formula
5
where T = temperature of water (°C); and k = THMs growth rate at T°C (min−1). Using Equation (5), THMs in the heated water during showering can be estimated as: 
formula
6
where = THMs in heated water (μg/L); Cw = THMs in cold water (μg/L); = THMs formation rate for heated water (min−1), which can be estimated using Equation (5); = THMs formation rate for cold water (min−1); and t = shower duration (min). Using instead of Cw in Equation (4), shower air concentration (Ca) is estimated. THMs in the air within the shower stall (Ca) are used in Equation (2) to predict . As demonstrated, THMs formation rates (Equations (5) and (6)) are subject to the presence of residual organics and FRC, while both can be available in shower water. As such, an increased temperature during showering may form additional THMs in shower water.

Dermal contact pathway

The molecular weight (MW) and octanol-water partition coefficient (Kow) of THMs are in the ranges of 119.4–252.8 g/mole and 93–128 g/mole, respectively. The MW and Kow of HAAs are 94.5–296.7 g/mole and 1.7–21.4 g/mole, respectively. The technical report on the assessment of non-occupational exposure to nonionizing chemicals noted that chemicals with Kow between 0.1 and 105 and MW less than 700 g/mole might be absorbed through human skin (ECETOC 1994). It is plausible that THMs and HAAs may be absorbed through human skin during showering and/or swimming (ECETOC 1994), which may pose a risk to human health.

The CDI through the dermal route needs to be assessed by incorporating the unsteady and steady states of exposures. For DBPs, lag times to achieve steady state between the water attached to skin and the stratum corneum of skin are different, which can be in the range of 7.5–218.3 minutes (Chowdhury 2012). In many cases, showering duration can be less than the lag times. As such, unsteady state analysis is necessary for exposure assessment in these cases (Chowdhury 2012). The unsteady state and steady state estimates of DBPs exposure through the dermal route can be different (Chowdhury 2012). The steady state diffusion of low and high MW compounds through the stratum corneum was reported to be in the order of 10−13–10−14 m2/s and 10−15–10−17 m2/s, respectively (Scheuplein & Blank 1971). However, diffusion of chemicals prior to achieving steady state might be different (McKone & Howd 1992). When showering durations are more than the lag times, both unsteady and steady state analyses are necessary (Chowdhury 2012). Chowdhury (2013) applied the unsteady and steady state estimates for DBPs exposure through the dermal route during showering. The equations for predicting dermal exposure are presented following Chowdhury (2013) as:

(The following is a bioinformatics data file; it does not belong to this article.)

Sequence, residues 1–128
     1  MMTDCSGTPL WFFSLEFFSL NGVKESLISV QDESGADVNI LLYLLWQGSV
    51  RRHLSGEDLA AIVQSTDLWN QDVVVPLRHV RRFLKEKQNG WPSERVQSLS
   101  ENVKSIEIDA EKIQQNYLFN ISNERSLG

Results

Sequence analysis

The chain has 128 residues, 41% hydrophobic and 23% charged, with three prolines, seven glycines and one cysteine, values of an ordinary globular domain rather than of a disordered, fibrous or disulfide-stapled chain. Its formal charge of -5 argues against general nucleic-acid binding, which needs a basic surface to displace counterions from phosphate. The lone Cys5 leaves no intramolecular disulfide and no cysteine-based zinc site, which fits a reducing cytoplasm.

formula
7
where Lt = lag time (h); dskin = thickness of stratum corneum (cm); Dskin = molecular diffusion of chemical through stratum corneum (cm2/h). The molecular diffusion (Dskin) is estimated as: 
formula
8
where MW = molecular weight (g/mol); Kow = octanol-water partition coefficient; Km = partition coefficient between stratum corneum and chemical in water. This can be estimated as: 
formula
9
In predicting influx of DBPs through the stratum corneum, Fick's first law of diffusion can be described as: 
formula
10
where dskin = thickness of the stratum corneum; Dskin = molecular diffusion of chemical through the stratum corneum; and ΔC = concentration gradient between the upper and lower layers of the stratum corneum. The influx of DBPs is directly related to concentration gradient between the upper and lower layers of the stratum corneum. It is anticipated that concentrations of DBPs in shower water change exponentially with shower duration (Equations (5) and (6)). By substituting Equation (6) into Equation (10), we have: 
formula
11
It can be reasonably argued that the concentration gradient between DBPs at the upper and lower layers of the stratum corneum may not follow a linear pattern. To obtain a better prediction, duration of dermal exposure prior to achieving steady-state was discretized into one-minute intervals. Changes of DBPs were estimated for each interval. Thus, Equation (11) takes the form of: 
formula
12
 
formula
13
where i = 1, 2, 3,……., n; and the time unit is t/n. The CDI of DBPs through dermal contact during showering can be estimated as: 
formula
14
where = CDI of DBPs through dermal contact during the unsteady-state condition (mg/kg-day); J = diffusion through human skin (mg/cm2/min); Sskin = area of body skin exposed to water (m2); t = duration of shower per event (min/event); F = shower frequency (event/day); EF = exposure frequency (day/year); ED = exposure duration (year); BW = human body weight (kg); AT = averaging time (day); and CF = 10,000 (conversion factor for skin area from m2 to cm2). If showering duration is more than the lag time, dermal exposure for the steady-state period can be estimated as: 
formula
15